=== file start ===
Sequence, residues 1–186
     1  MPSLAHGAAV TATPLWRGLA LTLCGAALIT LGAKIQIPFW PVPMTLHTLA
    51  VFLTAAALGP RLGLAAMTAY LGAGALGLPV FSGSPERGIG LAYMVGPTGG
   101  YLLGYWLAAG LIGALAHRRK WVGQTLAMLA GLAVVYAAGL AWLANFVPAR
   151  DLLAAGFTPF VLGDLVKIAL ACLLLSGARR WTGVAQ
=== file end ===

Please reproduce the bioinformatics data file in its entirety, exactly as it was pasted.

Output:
Sequence, residues 1–186
     1  MPSLAHGAAV TATPLWRGLA LTLCGAALIT LGAKIQIPFW PVPMTLHTLA
    51  VFLTAAALGP RLGLAAMTAY LGAGALGLPV FSGSPERGIG LAYMVGPTGG
   101  YLLGYWLAAG LIGALAHRRK WVGQTLAMLA GLAVVYAAGL AWLANFVPAR
   151  DLLAAGFTPF VLGDLVKIAL ACLLLSGARR WTGVAQ